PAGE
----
— great music.  dancing.
— the openness with which sexual orientation and bullying topics were addressed.  It needed to be said; I’m glad they took the opportunity.
The not-so-awesome:
— the bus ride home.  We were part of three buses which caravanned together.  Basically our group and a group from Mankato.  Note to self: If ever a large trip like this is organized again, go with one bus and only one bus.  Three was not so much fun.  Whenever we stopped – be it bathroom or meal stops – the lines were long.  Communication between leaders was not great.  I will say – with my nose in the air – that our group was so well behaved.  It was the other group that, well, had attitude.  The other group also had a child that decided not to eat anything all week and only drink Mt. Dew and Red Bull, which led to a four hour layover in the middle of Sunday night at a hosptial in Memphis.  Our trip home went from an expected 22 hours to a horribly long 29 hours.  It was miserable.
— little sleep.
— having a diet consisting of Subway and fast food for a week.  I went to the store tonight and my cart was mostly fruits and veggies.
— little to no Lindsay time.  Things were tense there for a day or two.
— swollen ankles.  Last night, they looked like they were drawn by a cartoonist.  Swelling is going down but they’ll be elevated again tonight as I go to bed.  
— we depart from the First Lutheran parking lot and we wave to all the family gathered.  One of my youth says to me, Aww.  You have no one here to say goodbye to you.  Thanks for reminding me I’m all alone.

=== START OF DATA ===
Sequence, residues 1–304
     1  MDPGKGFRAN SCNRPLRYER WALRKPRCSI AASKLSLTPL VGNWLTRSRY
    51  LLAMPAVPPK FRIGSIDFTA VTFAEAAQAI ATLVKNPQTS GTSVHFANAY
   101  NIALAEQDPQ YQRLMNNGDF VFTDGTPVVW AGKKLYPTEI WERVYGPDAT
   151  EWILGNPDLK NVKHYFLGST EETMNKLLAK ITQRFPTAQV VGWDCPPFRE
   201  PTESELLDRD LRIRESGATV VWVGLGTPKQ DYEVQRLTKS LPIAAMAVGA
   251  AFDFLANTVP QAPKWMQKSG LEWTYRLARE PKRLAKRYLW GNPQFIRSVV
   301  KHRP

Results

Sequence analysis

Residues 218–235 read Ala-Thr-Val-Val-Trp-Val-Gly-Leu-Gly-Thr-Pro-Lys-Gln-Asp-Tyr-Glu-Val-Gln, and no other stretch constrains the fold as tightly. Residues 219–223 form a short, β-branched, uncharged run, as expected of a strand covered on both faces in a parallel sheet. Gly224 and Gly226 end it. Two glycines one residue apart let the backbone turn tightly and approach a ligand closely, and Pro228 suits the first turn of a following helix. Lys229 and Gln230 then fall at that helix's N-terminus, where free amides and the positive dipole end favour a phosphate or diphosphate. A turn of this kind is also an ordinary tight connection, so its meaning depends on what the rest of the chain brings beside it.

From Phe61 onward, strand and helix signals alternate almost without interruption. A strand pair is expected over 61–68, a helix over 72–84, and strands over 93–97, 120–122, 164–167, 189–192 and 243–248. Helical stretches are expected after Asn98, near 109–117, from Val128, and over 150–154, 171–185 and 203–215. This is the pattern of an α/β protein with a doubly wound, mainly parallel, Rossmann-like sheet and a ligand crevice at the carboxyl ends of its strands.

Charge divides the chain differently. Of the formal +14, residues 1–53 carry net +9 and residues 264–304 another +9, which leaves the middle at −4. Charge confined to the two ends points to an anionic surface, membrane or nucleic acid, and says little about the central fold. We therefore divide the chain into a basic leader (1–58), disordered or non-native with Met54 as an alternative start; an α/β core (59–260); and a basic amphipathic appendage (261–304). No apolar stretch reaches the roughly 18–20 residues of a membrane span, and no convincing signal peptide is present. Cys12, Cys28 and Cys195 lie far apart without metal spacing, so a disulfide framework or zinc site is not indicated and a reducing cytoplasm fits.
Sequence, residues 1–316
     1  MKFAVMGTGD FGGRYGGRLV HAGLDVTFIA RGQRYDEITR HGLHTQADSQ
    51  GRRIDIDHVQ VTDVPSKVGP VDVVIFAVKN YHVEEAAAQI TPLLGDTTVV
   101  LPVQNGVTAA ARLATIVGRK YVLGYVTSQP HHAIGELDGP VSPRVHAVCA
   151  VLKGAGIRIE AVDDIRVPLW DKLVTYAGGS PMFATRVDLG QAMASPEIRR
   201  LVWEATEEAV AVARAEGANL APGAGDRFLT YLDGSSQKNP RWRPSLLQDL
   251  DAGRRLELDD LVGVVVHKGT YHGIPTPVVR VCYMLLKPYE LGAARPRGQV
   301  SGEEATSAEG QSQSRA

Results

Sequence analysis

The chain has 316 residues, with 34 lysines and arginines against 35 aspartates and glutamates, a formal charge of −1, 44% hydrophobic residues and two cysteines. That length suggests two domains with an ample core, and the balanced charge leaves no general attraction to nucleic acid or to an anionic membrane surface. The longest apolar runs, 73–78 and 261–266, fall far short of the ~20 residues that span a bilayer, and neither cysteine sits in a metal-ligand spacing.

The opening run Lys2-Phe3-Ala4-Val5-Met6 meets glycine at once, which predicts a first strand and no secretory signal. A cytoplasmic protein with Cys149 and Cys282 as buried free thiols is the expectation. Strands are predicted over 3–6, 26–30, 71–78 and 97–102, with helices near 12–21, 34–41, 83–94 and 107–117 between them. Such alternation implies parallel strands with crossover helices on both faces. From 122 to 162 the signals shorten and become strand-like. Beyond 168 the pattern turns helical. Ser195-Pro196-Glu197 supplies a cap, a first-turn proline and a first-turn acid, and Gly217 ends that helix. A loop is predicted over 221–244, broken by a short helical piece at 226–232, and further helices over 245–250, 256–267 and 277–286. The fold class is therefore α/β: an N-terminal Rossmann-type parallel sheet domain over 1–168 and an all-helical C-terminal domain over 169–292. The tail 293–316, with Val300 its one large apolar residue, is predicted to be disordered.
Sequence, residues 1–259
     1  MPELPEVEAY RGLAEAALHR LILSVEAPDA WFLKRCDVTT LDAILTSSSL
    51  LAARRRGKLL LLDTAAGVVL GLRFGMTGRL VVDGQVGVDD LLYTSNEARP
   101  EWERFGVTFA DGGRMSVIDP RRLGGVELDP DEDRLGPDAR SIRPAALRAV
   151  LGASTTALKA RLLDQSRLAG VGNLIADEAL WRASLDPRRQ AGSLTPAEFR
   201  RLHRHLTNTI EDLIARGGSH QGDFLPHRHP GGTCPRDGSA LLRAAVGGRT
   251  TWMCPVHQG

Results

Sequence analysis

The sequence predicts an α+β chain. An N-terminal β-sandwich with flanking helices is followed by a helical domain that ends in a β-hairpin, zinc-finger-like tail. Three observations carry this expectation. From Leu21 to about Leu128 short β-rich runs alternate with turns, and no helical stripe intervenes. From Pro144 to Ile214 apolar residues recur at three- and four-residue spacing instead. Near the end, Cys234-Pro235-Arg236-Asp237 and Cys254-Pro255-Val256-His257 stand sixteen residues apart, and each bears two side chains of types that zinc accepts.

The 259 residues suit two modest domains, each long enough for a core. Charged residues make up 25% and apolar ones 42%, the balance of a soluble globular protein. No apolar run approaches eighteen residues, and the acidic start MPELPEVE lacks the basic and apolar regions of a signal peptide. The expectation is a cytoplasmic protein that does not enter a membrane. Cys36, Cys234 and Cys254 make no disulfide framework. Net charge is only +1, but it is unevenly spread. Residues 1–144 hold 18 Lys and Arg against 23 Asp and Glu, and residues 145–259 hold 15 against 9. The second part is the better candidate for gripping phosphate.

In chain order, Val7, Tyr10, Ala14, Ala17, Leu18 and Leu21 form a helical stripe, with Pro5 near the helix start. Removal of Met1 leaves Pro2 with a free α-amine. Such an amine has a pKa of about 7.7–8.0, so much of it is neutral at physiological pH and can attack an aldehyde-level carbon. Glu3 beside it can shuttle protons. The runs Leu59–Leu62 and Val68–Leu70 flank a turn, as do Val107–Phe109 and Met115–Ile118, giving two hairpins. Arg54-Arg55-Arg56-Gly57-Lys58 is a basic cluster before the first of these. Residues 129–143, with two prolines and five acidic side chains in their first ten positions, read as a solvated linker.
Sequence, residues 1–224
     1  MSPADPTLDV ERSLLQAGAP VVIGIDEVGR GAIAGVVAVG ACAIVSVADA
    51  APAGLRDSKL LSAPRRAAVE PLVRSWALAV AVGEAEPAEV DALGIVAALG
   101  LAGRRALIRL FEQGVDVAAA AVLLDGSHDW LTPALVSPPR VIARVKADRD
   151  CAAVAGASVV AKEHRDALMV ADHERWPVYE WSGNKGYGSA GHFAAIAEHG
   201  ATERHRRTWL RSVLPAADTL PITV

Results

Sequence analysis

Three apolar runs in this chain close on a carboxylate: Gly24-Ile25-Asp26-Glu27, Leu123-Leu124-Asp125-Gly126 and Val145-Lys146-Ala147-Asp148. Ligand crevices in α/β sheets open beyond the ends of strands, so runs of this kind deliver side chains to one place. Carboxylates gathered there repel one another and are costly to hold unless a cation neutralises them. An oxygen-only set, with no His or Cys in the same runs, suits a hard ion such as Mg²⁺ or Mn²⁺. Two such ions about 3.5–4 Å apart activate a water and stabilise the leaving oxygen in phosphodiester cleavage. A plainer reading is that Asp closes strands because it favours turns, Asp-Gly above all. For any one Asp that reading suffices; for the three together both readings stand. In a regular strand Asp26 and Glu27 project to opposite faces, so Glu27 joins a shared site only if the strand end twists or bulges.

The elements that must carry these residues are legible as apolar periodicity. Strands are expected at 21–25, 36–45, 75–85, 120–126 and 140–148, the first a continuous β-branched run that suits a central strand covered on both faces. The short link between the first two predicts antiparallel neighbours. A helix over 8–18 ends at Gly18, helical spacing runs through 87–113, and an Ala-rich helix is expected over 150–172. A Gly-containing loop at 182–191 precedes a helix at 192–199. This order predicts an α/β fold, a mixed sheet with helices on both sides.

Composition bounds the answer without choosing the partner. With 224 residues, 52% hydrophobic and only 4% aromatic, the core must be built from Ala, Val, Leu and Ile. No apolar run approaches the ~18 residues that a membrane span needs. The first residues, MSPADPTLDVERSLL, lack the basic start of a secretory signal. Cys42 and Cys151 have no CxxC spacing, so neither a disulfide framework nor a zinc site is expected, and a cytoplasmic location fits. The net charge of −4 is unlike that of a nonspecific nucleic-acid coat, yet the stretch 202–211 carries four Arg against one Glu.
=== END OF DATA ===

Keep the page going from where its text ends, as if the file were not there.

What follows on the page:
Trust me when I say the awesome outweigh the not-so-awesome, even if the lists seems pretty even at first glance.  It was a good trip.  And now I can say I’ve been to New Orleans and – if I’m honest – I can say that I don’t ever need to go back.  [Unless it were to be to a b&b in the garden district.]  Bourbon Street has no appeal for this girl.  No thank you.  The next gathering: Detroit in 2015.  I’m thankful it won’t require an overnight bus trip!


21 Jul

If you are so inclined, I hope you’ve checked out for some photos and daily happenings. I’ve been too sleepy at night to write in two places!

It’s been great so far. Really, it has. The days are long. We walk miles each day. Sometimes I get a little frustrated with the group’s want to shower three times a day. (No. Suck it up.) And how they don’t follow the dress code. (Please change your shorts.) And how they ask if the mass gatherings every night are required. (Yes. And they’re awesome.)

But really, it’s good. We are exploring a new city, hearing inspirational speakers each night, and bonding thru puddle jumping. (It’s been raining cats and dogs here the last two days. I’m glad I packed that umbrella and keens – shoes that can get wet and it’s all okay.) We’ve been worshipping and singing praise songs that I haven’t had opportunity to sing in years. Most days, I wonder if I’m enjoying myself and loving it all more than the kiddos.

The introvert in me finally got some time alone today. Last night, it got ugly. I was so crabby! A little time alone today and even a small glimpse and chat with friends (Josh, Kate, Karen, and Cassie) goes far with me. I’m feeling much better and much less crabby.